A 2016 collaboration between accountants Grant Thornton, Prelude Group and the Insitute of Directors resulted in a report entitled Britain unlocked that drew on the experience of successful entrepreneurs to suggest ways of removing barriers to growth.
Britain is good at producing new businesses, with over 600,000 started in 2015, the report noted. But it falls down when it comes to scaling up their operations. One of the barriers to SME progress, the report suggested, was the UK’s punishingly complex tax system.
The tax system starts to bite when firms take on more staff, move to larger premises or solicit bigger deals. At each stage, the growing business will often lack the resources and time to overcome the new administrative hurdles. As well as endorsing the idea of merging income tax and national insurance, Britain unlocked suggested a few more proposals for simplifying business tax:
- Expand reliefs to encourage entrepreneurial investment
- Raise the small business rate relief cut-off point to £25,000
- Restore the annual investment allowance to £500,000 a year following last year’s reduction back to £200,000.
- Allow companies to pay Corporation Tax annually rather than quarterly until their profits reach £5m (up from the current £1.5m threshold)
- Consolidate the various employee share schemes into one share allocation scheme. The design should be simple and easy to self-certificate.
- Increased annual Capital Gains Tax exemption of £50,000 (up from current £11,100) to encourage entrepreneurs. This measure would have to be accompanied by “necessary anti-avoidance measures” - proving once again that tax stimuli almost always have a sting in the tail.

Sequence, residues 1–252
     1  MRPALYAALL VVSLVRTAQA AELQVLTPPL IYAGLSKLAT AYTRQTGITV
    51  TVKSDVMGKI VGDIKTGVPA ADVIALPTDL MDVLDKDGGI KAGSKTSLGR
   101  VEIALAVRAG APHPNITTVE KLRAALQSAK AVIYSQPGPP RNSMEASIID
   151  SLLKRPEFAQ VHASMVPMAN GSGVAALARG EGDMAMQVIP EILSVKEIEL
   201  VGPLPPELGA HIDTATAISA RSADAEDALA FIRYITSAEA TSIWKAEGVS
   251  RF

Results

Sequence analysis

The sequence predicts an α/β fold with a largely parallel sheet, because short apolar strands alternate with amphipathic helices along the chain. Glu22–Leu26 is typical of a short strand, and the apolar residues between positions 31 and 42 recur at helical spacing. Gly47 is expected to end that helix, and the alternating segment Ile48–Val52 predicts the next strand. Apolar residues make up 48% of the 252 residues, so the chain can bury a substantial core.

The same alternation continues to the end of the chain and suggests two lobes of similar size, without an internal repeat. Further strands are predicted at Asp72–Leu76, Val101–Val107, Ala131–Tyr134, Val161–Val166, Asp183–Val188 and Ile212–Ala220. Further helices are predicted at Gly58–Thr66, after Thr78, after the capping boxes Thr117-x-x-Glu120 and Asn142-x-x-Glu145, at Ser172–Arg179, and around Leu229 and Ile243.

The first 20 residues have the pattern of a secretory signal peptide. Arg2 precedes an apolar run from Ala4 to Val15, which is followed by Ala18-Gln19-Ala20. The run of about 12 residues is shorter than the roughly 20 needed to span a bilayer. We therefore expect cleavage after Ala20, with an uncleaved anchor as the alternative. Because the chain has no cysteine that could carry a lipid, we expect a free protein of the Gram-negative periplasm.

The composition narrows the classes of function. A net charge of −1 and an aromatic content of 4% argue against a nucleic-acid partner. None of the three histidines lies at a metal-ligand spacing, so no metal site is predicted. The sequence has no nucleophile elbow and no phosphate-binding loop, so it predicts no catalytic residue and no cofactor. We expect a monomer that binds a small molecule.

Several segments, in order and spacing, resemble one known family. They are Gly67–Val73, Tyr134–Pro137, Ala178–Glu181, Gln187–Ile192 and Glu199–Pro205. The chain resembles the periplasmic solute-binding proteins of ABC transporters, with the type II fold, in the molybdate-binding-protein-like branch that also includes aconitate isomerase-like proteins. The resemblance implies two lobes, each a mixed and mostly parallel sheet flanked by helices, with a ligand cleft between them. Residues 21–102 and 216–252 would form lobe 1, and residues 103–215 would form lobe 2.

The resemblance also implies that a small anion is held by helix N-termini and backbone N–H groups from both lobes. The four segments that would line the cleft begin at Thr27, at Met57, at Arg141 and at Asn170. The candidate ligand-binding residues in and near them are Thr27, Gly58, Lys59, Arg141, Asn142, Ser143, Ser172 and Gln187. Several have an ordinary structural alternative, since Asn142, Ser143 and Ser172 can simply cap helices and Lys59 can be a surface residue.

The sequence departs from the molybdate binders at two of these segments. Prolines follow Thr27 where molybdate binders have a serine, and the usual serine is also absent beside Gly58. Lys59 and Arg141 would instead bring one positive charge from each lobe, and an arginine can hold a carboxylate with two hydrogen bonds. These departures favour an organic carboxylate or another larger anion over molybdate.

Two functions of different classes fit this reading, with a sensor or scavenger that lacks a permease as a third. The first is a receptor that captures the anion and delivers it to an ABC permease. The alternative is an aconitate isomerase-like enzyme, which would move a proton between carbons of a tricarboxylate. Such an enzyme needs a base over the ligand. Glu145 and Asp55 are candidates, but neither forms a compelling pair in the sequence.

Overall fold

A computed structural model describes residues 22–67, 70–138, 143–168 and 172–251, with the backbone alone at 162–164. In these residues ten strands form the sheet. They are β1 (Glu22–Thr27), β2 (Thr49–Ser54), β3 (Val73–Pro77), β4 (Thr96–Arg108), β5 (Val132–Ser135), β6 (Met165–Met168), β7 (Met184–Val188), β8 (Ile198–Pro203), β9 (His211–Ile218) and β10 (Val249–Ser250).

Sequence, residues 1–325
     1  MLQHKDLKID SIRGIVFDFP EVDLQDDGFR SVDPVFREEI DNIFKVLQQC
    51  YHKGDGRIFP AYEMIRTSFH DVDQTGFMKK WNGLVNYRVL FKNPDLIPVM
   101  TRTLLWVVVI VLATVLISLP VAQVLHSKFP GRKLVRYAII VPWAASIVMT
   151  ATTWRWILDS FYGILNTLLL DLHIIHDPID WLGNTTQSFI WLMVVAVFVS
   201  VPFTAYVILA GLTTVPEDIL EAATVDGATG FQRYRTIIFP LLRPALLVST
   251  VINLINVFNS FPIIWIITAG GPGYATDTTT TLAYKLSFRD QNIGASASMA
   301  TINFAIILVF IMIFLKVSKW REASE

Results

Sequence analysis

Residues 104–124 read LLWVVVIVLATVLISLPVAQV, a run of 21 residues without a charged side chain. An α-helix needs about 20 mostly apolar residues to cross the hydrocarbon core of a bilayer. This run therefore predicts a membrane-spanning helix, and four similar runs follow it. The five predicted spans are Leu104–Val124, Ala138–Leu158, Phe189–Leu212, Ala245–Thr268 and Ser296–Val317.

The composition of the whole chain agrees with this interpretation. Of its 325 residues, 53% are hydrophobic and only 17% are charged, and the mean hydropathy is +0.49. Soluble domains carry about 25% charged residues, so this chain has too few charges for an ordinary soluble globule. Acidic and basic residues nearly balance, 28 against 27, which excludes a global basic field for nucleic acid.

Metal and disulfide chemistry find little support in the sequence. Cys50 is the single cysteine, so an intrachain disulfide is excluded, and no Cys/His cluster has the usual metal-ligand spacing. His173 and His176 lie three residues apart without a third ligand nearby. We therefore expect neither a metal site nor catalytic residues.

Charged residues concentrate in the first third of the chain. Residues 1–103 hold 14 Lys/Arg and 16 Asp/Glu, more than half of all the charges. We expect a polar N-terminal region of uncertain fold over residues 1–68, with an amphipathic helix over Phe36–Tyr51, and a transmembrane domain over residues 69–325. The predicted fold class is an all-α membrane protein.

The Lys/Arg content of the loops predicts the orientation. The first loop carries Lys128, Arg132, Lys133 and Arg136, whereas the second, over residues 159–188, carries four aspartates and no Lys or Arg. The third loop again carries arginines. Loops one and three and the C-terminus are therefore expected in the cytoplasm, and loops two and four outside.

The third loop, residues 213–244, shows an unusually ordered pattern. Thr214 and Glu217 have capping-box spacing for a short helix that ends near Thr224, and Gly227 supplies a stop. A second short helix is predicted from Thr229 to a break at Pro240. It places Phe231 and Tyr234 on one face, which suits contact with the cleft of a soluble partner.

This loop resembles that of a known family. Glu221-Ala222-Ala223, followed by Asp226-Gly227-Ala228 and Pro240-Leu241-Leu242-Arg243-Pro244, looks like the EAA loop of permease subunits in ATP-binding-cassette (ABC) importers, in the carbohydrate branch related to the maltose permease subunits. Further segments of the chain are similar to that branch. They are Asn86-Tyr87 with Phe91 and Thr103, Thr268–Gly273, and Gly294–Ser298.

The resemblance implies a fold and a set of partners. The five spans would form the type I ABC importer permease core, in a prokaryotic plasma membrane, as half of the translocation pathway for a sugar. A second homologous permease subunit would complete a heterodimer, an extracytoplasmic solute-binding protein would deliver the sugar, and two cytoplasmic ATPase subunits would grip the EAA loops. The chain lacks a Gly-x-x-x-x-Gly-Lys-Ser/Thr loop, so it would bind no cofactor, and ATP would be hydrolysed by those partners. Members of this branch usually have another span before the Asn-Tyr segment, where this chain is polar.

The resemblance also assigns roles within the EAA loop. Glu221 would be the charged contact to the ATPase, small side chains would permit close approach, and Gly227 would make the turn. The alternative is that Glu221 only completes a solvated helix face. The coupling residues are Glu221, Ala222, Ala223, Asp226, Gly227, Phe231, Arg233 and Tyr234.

Let’s face it. Tax is more of a trap for politicians than a source of excitement, but the hyperactive tinkering through the early part of this century is having a visible impact on the economy, business and individual taxpayers. Failing to grasp the simplification nettle now could rebound on politicians if voters wake up to the source of many of their complaints and vent their frustration in the polling booth.
Help us refine the AccountingWEB business tax manifesto for the 2017 election. What do you think of the simplification and business support measures suggested here? And what tax reforms would convince you to switch your allegiance to a different political party?
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AccountingWEB’s Editor at large has been with the site since 1999, rising from news editor to editor in chief, global editor and head of insight. As a roving editor, he continues to investigate the profession's use of technology around the world. He devotes his spare time to technology history and an oddball collection of stringed instruments...